#StopLockheedMartin actions at corporate headquarters and Prime Minister’s Office

Published by Brent Patterson on

Lockheed Martin is the world’s largest weapons company. It had $67.0 billion in sales in 2021 (up $1.6 billion from 2020).

Its net earnings in the first quarter of 2022 were $1.7 billion.

Tomorrow at noon hour, activists will be outside their Canadian headquarters (at Suite 870, 45 O’Connor Street) in Ottawa to call on them to stop selling war machines.

The gathering will also walk the 300 metres from Lockheed Martin to the Prime Minister’s Office (at 80 Wellington Street) to call on him to defund warplanes.

Today, Ottawa Citizen journalist David Pugliese reported:

“The gathering is part of what is being called the Global Mobilization to Stop Lockheed Martin, a series of at least nine protests in various cities around the world to highlight the company’s role as the largest weapons producer in the world.”

He adds: “The F-35 is expected to be featured prominently at the various protests, including in Toronto, as the public relations war over the jet enters a new phase.”

The costs of warplanes

The cost of purchase just one F-35 fighter jet has also been recently estimated to be $105 million (USD $84 million).

Pugliese further notes:

“The Women’s International League for Peace and Freedom argues the money can be better spent elsewhere to help Canadians. For instance, it noted, the $19 billion could finance 15 state-of-the-art health-care complexes; or 760 Indigenous wellness centres; or 240 new high schools; or 130 kilometres of light rail transit; or 87,842 green affordable housing units.”

The Ottawa-based Canadian Centre for Policy Alternatives has also talked about the costs of new warplanes in its Alternative Federal Budget 2022:

“This Alternative Federal Budget cancels the new fighter jet procurement and missile defence purchase, for an estimated saving of $3.1 billion a year for 30 years (in accrual terms). This includes the initial purchase cost, the lifespan costs of the jets, and estimated upkeep of the missile defence system.”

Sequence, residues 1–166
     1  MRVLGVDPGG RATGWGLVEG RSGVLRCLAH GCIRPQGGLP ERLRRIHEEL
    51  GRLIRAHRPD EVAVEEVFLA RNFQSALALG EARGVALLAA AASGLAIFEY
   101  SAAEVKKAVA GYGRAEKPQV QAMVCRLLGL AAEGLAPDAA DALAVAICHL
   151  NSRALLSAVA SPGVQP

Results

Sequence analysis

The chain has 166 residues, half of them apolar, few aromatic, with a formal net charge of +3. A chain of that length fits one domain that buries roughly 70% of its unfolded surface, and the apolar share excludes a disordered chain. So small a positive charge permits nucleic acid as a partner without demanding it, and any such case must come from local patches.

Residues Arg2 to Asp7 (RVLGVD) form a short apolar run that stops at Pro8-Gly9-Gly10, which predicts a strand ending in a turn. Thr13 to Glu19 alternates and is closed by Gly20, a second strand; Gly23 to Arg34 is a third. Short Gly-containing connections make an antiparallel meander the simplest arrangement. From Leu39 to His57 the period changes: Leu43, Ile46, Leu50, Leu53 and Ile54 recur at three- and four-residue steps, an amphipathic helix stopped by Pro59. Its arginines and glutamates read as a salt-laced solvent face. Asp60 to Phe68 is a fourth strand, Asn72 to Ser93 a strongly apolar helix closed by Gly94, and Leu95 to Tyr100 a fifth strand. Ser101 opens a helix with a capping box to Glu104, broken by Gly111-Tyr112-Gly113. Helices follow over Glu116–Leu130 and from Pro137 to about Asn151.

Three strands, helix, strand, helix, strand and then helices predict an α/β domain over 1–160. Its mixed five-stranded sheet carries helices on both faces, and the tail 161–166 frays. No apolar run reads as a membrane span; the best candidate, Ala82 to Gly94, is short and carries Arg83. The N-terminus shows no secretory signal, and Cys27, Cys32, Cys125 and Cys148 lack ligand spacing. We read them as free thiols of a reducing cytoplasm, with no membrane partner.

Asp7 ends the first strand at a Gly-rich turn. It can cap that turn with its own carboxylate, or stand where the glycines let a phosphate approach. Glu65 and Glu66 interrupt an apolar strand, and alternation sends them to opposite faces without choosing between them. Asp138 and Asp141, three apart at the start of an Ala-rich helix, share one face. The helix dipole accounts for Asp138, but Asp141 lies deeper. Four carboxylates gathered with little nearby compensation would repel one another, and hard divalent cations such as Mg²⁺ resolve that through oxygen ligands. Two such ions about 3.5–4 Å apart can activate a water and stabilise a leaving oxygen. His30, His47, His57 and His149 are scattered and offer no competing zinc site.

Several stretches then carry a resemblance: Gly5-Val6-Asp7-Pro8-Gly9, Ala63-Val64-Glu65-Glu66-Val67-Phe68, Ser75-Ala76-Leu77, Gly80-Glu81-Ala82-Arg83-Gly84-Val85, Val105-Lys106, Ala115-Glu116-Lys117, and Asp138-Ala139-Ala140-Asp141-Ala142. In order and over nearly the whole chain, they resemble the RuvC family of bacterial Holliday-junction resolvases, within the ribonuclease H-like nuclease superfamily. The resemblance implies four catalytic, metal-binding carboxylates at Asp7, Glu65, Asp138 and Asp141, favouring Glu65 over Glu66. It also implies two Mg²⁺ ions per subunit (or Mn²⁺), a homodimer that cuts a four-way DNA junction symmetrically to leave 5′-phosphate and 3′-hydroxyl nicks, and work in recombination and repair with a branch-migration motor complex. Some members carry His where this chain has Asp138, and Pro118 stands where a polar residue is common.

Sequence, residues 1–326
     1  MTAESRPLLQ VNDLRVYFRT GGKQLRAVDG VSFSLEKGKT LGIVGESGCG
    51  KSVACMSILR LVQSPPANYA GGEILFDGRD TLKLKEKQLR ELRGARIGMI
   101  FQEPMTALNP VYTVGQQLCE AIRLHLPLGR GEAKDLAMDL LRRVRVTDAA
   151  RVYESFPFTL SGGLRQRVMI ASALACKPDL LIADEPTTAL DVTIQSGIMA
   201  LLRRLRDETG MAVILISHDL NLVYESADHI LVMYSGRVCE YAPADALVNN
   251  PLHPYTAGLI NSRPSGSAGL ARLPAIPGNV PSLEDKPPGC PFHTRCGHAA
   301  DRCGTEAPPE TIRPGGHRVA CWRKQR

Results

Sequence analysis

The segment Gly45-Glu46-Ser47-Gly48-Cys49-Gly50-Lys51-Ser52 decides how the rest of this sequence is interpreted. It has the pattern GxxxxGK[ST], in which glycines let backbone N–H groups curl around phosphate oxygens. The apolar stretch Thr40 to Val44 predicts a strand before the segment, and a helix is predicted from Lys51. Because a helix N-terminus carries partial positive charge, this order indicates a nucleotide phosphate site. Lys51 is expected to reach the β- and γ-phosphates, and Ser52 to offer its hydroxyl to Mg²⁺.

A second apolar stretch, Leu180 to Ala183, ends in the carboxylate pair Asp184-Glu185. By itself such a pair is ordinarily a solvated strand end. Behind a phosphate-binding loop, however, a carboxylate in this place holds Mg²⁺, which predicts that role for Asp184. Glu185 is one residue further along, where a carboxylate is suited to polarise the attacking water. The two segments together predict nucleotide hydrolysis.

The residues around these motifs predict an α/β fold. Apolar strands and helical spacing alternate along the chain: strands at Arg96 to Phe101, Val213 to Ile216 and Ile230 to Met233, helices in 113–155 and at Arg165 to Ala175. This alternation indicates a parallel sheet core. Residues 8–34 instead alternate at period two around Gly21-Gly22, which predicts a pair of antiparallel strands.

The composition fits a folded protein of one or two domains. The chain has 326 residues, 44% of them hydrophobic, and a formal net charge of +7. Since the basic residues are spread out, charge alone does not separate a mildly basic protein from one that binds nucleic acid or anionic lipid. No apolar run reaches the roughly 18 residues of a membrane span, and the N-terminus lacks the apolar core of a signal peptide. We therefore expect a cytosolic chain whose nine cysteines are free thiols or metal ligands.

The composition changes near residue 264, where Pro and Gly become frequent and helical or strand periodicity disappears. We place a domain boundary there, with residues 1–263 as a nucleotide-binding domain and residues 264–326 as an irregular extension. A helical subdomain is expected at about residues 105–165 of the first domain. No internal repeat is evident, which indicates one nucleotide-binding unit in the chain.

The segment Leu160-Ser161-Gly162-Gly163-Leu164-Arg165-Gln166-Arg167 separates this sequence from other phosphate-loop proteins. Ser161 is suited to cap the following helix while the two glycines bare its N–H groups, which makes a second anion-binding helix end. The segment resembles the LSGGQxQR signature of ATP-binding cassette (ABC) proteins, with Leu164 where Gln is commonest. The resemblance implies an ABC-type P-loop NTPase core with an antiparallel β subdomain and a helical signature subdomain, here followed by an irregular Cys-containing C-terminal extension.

And the No Fighter Jet Coalition has also produced a report that pegs the lifespan costs of a new fleet of fighter jets at $76.8 billion.

The PR battle to sell the F-35 warplane

Pugliese also highlights:

“The next step in the F-35 PR battle will focus on selling the plane to the public by using the threat from Russia and China. Some analysts have already highlighted the need for the F-35 to fight off a supposed coming Russian invasion of Canada’s Arctic.”

That narrative was somewhat challenged last month by Canada’s chief of the defence staff General Wayne Eyre who commented on the likelihood of a Russian invasion of the Arctic: “Let me start off by saying the threat of that right now is very low.”

It also cannot be ignored that the Arctic is colonized Indigenous territory and that the geostrategic interests in this region focus on the emerging accessibility – due to climate change and melting ice – of 90 billion barrels of recoverable oil and rare minerals.

Other front lines in the “PR battle”

Economic benefits

Last week, La Presse reported: “By opting for the American manufacturer’s F-35 to replace its old CF-18s, the Trudeau government has embarked on a process that offers no guarantee that maintenance and training for these fighter jets will take place in Quebec.”

“Many [in the aerospace industry] deplore the lack of clear prior commitments before starting the dialogue.”

It adds: “Who will be the privileged partners of the multinational? What kind of spin-offs will it be? Where will the work be done? These questions are unanswered.”

Just transition campaigns

This week, Joshua K. McEvoy has further noted the environmental implications of the F-35 in his Canadian Dimension magazine article titled You can’t have it both ways—just transition requires demilitarization.

McEvoy writes:

A US Air National Guard environmental impact statement estimated that basing just eighteen F-35 jets at Truax Airfield in Madison, Wisconsin, would emit 12,478 tons of CO2 annually. …However, the City of Madison believes the Air National Guard’s estimate to be artificially low, and it should also be noted that the estimate above does not include emissions from the manufacturing of F-35s nor construction related to retrofitting airfields for their use.”

The Canadian Centre for Policy Alternatives has also warned: “The three largest public emitters — National Defence, the RCMP and the Coast Guard — are exempt from key commitments in the Greening Government Strategy.”

Last month, Procurement Minister Filomena Tassi commented that negotiations with Lockheed Martin would take seven months.

As that date draws near, we may also be hearing from the Minister of Just Transition (a project of 350.org’s team in Canada) about this warplane purchase.

Further reading: Fighter Jet Purchase Harms Canada’s Climate Goals, Opponents Warn and Does Canada Need 88 F-35 Fighter Jets? (The Maple)

Categories: News Updates


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